Vertical Relations and Restraints Many transactions take place between two firms, rather than between a firm and consumers Key differences in these types.

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Vertical Relations and Restraints Many transactions take place between two firms, rather than between a firm and consumers Key differences in these types of transactions: –Demand for an intermediate good being sold by an upstream company to a downstream company is derived from the demand curve the downstream company faces. –The buyers of the intermediate good, the downstream companies, compete with one another.

Types of Vertical Relationships/Restraints Relationships –Franchise –Licensed/authorized dealer –Agent Restraints –Exclusive territories –Royalty agreements –Resale price maintenance

Double Marginalization Assume there is an upstream firm, the manufacturer of the product, and a downstream firm that sells the product in a retail outlet. Assume retailers have no costs, just buy the product and then resell it costlessly. Also assume that the marginal cost of manufacturing the product is constant, c. Consumer demand for the product is P = a - bQ.

Double Marginalization, cont If the manufacturer and retailer were an integrated company, the firm would set MR=MC to maximize profit: a-2bq = c or q = (a-c)/2b Price = a - b*(a-c)/2b = (a+c)/2 Profit = [ (a+c)/2 - c ]*(a-c)/2b = (a-c) 2 /4b

a (a+c)/2 c MR Demand (a-c)/2b Monopoly Solution

Double Marginalization, cont If the manufacturer and retailer are separate companies: –Assume that the price the retailer pays the manufacturer is r. –To maximize profit, the retailer sets r = MR: a-2bq = r or q = (a-r)/2b Price = a - b(a-r)/2b = (a+r)/2 Profit = [ (a+r)/2 - r ]*(a-r)/2b = (a-r) 2 /4b

Double Marginalization, cont Thus the retailers demand for the manufacturers product is q = (a-r)/2b. The inverse demand curve for the manufacturer is thus r = a-2bq. –Note that this is the same as the retailers marginal revenue curve. So the manufacturers MR curve = a - 4bq.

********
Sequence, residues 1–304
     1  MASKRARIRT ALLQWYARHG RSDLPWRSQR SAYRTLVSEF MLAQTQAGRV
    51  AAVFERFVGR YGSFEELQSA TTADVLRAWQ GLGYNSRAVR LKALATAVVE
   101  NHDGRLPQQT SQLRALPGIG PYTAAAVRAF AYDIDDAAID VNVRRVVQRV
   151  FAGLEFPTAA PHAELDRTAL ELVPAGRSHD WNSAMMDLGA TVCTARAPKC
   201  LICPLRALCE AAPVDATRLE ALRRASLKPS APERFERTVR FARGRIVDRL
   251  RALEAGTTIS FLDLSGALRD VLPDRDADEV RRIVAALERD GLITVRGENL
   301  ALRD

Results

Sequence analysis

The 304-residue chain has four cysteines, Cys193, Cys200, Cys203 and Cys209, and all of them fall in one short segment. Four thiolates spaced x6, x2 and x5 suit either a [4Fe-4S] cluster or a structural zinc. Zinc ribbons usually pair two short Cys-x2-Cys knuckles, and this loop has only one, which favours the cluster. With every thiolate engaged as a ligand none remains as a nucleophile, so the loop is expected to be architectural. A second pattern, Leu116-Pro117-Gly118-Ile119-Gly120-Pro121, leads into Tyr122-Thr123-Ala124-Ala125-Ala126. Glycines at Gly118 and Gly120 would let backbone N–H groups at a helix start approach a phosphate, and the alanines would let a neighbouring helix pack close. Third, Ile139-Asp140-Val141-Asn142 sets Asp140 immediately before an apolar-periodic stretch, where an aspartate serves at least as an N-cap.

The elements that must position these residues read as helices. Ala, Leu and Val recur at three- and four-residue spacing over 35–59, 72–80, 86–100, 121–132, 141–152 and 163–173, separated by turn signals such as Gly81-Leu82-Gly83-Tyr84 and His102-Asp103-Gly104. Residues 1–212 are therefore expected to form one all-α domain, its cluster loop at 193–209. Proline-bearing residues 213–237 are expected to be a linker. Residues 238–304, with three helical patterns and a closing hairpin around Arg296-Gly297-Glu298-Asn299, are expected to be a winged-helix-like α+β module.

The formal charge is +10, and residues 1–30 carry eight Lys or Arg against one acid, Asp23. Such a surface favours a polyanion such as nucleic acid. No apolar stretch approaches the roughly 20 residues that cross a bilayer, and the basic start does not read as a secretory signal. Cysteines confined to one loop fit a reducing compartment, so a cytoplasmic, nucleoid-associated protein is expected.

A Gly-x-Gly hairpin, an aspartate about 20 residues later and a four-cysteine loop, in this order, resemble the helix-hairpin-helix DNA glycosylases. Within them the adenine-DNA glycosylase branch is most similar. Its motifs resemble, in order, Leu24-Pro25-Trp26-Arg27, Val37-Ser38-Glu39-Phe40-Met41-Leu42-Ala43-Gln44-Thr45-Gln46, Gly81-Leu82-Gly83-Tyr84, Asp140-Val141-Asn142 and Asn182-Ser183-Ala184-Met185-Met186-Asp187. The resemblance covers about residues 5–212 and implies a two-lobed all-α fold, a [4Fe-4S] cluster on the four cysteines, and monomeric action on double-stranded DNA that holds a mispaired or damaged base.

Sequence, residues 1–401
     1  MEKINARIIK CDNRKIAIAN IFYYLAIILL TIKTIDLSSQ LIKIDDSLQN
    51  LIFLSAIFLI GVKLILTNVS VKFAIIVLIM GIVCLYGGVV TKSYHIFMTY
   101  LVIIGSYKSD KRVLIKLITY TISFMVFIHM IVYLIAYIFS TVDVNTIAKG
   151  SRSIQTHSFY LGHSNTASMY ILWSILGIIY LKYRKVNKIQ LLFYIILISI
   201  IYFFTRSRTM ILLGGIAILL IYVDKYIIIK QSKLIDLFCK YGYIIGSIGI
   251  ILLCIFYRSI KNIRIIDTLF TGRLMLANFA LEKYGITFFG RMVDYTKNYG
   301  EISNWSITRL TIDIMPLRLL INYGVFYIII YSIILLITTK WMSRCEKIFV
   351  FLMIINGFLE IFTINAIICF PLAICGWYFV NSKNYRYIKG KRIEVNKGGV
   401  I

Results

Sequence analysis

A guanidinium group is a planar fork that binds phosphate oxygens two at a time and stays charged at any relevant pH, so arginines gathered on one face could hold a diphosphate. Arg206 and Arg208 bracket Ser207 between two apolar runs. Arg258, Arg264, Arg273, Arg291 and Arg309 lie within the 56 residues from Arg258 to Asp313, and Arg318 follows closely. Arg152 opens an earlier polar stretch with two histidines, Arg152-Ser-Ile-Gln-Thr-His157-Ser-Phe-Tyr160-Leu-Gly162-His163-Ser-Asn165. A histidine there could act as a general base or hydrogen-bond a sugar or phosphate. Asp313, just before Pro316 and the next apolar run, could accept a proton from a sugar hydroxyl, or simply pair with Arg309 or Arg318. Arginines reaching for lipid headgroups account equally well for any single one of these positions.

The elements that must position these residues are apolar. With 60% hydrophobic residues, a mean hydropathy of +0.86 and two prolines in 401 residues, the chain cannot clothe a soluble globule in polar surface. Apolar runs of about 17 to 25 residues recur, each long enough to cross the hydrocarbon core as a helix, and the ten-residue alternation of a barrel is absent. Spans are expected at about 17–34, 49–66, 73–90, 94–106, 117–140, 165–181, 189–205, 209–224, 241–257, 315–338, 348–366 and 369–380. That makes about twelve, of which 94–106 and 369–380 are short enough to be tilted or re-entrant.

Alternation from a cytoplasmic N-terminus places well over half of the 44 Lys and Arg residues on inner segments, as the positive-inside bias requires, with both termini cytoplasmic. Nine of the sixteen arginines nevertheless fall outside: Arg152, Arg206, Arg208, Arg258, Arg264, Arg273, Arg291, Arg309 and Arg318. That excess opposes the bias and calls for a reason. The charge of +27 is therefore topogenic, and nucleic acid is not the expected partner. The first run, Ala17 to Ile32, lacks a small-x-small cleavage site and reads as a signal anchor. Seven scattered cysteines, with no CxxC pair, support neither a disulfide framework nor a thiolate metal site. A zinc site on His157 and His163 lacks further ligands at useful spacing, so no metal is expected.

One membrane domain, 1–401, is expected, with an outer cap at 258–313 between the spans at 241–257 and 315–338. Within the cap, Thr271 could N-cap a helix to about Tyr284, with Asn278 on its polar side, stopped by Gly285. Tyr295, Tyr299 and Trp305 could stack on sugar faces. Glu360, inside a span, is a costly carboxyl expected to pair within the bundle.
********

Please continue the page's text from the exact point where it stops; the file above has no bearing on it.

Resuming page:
Double Marginalization, cont Setting MR=MC: a - 4bq = c, or q = (a-c)/4b Price = a - 2b (a-c)/4b = (a+c)/2 (Be sure to use the manufacturers demand curve to get price, not the consumers demand curve) Profit = [(a+c)/2 - c]*(a-c)4b = (a-c) 2 /8b The retailer pays (a+c)2 and sells (a-c)/4b at P = a-b*(a-c)/4b = (3a+c)/4.

Double Marginalization a (3a+c)/4 (a+c)/2 c MR for retailer Demand (a-c)/2b MR for manufacturer

Double Marginalization, cont Double Marginalization: both firms mark the price up above their own costs. Both cosumers and firms are better off if the two firms act in concert to maximize joint profits.

Double Marginalization a (3a+c)/4 (a+c)/2 c MR for retailer Demand (a-c)/2b MR for manufacturer

Vertical Restraints as a Response to Double Marginalization Two-part tariff: Fixed cost of F to sell the good, then goods sold to retailer at marginal cost. –Retailer sets MR = MC, so the joint profit maximizing quantity is sold. –F can be set so that both the manufacturer and the retailer share profits. –Classic franchise arrangement. Royalty arrangement: Goods sold to retailer at MC, manufacturer gets percentage of profits.